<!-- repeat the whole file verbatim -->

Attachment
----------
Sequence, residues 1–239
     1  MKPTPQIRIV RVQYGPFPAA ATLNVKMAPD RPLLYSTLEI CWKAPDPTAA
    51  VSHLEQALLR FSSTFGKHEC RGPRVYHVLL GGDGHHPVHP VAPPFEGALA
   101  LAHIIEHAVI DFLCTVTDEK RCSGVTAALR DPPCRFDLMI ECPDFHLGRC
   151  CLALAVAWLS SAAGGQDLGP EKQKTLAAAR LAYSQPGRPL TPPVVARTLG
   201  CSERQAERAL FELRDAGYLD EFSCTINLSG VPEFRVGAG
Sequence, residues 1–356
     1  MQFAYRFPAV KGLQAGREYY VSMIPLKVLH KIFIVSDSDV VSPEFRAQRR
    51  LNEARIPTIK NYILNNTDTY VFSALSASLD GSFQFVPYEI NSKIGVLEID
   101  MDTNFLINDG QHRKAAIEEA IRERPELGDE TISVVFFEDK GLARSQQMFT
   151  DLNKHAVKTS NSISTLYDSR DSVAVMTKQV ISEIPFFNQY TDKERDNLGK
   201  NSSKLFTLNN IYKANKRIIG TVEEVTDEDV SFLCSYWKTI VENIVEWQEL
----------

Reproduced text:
Sequence, residues 1–239
     1  MKPTPQIRIV RVQYGPFPAA ATLNVKMAPD RPLLYSTLEI CWKAPDPTAA
    51  VSHLEQALLR FSSTFGKHEC RGPRVYHVLL GGDGHHPVHP VAPPFEGALA
   101  LAHIIEHAVI DFLCTVTDEK RCSGVTAALR DPPCRFDLMI ECPDFHLGRC
   151  CLALAVAWLS SAAGGQDLGP EKQKTLAAAR LAYSQPGRPL TPPVVARTLG
   201  CSERQAERAL FELRDAGYLD EFSCTINLSG VPEFRVGAG
Sequence, residues 1–356
     1  MQFAYRFPAV KGLQAGREYY VSMIPLKVLH KIFIVSDSDV VSPEFRAQRR
    51  LNEARIPTIK NYILNNTDTY VFSALSASLD GSFQFVPYEI NSKIGVLEID
   101  MDTNFLINDG QHRKAAIEEA IRERPELGDE TISVVFFEDK GLARSQQMFT
   151  DLNKHAVKTS NSISTLYDSR DSVAVMTKQV ISEIPFFNQY TDKERDNLGK
   201  NSSKLFTLNN IYKANKRIIG TVEEVTDEDV SFLCSYWKTI VENIVEWQEL